Habits of Baby Boomers Aging Well

Baby Boomers Aging Well is all about Habits

With baby boomers retiring, boomers aging well is a popular topic. Here’s a sampling of some of our favorite articles. There are definitely some repeating themes!

Real Simple Magazine — 7 Habits

Real Simple Magazine posted their “7 Habits of People Who Age Well”.

  1. Maintain a positive attitude. (See: A Grateful Heart: 4 steps to make you happier and more grateful)
  2. Watch what you eat…

  3. …And how much you eat.
  4. Exercise regularly. (See: Osteoporosis in Aging & Iron Nun, Olympics and Taking on Aging as a Sport)
  5. Stay social. (see: What is Creative Aging?)

  6. Protect your skin from the sun.

  7. Get plenty of sleep.

Inc. Magazine — 5 Daily Habits

Inc. Magazine’s list of their “5 Daily Habits of People Who Age Well (Warning: Diet and Exercise Are Not Enough)”

  1. Mediterranean diet
  2. Exercise (See:  Iron Nun, Olympics and Taking on Aging as a Sport, Osteoporosis in Aging & Why HIIT is the new it thing for Baby Boomer Wellness )
  3. Social relationships (See: Explore the possibilities: Be Joiner)
  4. Meditation
  5. Optimism (See: Inspiration, Fun, and News)

Aging Well Habits

Country Living — 25 Habits

According to Country Living, baby boomers aging well share these habits, they:

  1. Focus on the positive aspects of life (See: Inspiration, Fun, and News)
  2. Enjoy working
  3. Use homemade remedies
  4. Practice gratitude (See: A Grateful Heart: 4 steps to make you happier and more grateful)
  5. Wear sunscreen
  6. Indulge in moderation
  7. Believe they’re in control of their destiny (See: Iron Nun, Olympics and Taking on Aging as a Sport)
  8. Have a skincare regimen
  9. Don’t wear a ton of makeup
  10. Not opposed to pharmaceutical help
  11. Get a physical each year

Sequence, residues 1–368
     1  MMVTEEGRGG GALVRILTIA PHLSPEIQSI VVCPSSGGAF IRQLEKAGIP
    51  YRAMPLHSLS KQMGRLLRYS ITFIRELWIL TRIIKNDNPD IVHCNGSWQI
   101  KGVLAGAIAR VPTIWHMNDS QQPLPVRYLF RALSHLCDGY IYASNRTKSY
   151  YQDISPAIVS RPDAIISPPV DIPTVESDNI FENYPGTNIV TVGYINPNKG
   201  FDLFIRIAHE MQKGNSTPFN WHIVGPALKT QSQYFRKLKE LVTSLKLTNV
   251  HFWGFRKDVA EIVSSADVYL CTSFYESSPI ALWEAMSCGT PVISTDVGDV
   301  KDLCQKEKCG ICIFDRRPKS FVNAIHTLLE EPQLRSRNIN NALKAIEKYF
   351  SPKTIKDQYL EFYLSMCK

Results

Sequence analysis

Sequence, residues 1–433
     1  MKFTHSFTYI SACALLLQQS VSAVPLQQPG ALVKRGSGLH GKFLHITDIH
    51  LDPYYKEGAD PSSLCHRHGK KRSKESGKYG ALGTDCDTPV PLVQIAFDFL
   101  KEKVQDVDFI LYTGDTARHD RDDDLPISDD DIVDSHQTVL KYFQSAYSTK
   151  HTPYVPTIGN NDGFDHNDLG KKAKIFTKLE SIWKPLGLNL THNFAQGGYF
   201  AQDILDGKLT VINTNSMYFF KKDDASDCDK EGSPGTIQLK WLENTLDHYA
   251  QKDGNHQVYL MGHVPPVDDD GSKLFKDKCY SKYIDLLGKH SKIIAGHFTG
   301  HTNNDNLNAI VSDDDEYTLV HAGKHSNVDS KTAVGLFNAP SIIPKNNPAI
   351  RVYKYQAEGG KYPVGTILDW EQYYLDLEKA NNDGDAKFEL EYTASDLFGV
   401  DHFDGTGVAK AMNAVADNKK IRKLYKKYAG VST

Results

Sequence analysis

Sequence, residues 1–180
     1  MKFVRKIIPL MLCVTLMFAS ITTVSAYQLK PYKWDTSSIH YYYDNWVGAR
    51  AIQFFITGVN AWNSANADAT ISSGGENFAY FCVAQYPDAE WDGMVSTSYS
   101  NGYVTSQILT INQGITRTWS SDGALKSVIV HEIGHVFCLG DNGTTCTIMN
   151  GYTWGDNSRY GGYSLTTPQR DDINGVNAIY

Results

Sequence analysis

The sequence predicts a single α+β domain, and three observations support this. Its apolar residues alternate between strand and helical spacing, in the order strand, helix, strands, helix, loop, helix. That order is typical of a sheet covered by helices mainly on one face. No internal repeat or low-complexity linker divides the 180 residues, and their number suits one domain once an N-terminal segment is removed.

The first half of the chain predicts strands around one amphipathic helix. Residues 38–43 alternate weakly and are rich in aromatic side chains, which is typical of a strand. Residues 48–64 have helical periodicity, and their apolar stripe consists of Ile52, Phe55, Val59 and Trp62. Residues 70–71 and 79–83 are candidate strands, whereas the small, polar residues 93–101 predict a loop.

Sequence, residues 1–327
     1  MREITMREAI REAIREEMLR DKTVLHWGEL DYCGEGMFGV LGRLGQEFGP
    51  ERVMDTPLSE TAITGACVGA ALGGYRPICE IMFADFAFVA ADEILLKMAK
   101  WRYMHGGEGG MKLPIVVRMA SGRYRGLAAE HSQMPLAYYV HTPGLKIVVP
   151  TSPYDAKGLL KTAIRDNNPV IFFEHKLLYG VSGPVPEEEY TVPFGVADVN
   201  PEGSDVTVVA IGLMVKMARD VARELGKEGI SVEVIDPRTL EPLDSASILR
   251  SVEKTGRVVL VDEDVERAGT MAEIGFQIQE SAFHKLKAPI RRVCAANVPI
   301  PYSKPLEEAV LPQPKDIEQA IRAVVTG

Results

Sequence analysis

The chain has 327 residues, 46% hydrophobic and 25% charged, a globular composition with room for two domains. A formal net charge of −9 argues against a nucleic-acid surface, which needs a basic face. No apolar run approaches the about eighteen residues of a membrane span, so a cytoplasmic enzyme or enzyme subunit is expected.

12. Take care of your heart
  13. Have social lives (See: What is Creative Aging?)
  14. Play video games
  15. Eat a plant-based diet…sometimes
  16. Exercise regularly (See: Osteoporosis in Aging & Iron Nun, Olympics and Taking on Aging as a Sport)
  17. Don’t watch TV
  18. Don’t smoke
  19. Never stop learning (See: Aging With Freedom LifeCast Book Club)
  20. Make sleep a priority
  21. Be Adventurous (see: What is Creative Aging?)
  22. Have hobbies
  23. Create a sense of purpose
  24. Have a childlike sense of awe
  25. Look forward to growing older

Aging with Freedom — 3 Transformations

We particularly like the Country Living Magazine 25 Habits. It echoes our own lessons of Aging with Freedom. These habits are essential to the three complementary Aging with Freedom Transformations:

  1. High wealth — wealth is relative, appreciate what you have and strike a lifestyle balance within your means. Money alone doesn’t guarantee happiness. Oddly enough, living within your means is a better predictor of happiness than absolute wealth.
  2. High health — so much of health is within our control. The time to maintain flexibility, strength, and weight is now. It protects both physical and mental or emotional health down the road.
  3. High purpose — wealth and health is meaningless without the social connections of purpose. Purpose is what we do for others and not just in service to self.


Add yours →

  1. Great post. My dad is 93 and I’ve learned a ton about aging from him. He keeps active and walks everyday and very important- has a very positive outlook on getting older. A lot of his peers sit around lamenting and watching tv while he is outside getting fresh air…
    Matt recently posted…Best Pickleball Shoes Men’s & Women’s | Shoe Reviews 2017-2018My Profile

    • Great example, Matt. Thanks for sharing. We can learn a lot from watching and caring for our parents. Some lessons are what not to do, and some are what to do. It’s great to have role models like your dad. My dad was similarly a good example. Despite arthritis and breathing challenges, he stayed active and positive. He frequently explained, “It doesn’t get better sitting still.” A former Army Air Corps pilot, he followed the air show circuit up to within a few weeks of his death. Right up to the end he was funny, concerned for others, engaged in service (Rotary and Church), and more. His retirement was more active than many’s work lives.

      And we see you like Pickleball! Loved your Pickleball Shoe Review. Pickleball is popular in many active retirement communities as a sport that supports both activity and social engagement.

  2. WOW! habits do really affect the way we age, I guess exercising is the most important one among all habits, look at athletes for an example, anyways thanks for the resources 🙂

    • Shawky, thanks for the feedback. You’re absolutely right about the importance of movement (exercising) to aging with freedom. Stop moving and all the other aspects of life seem to spiral down too.

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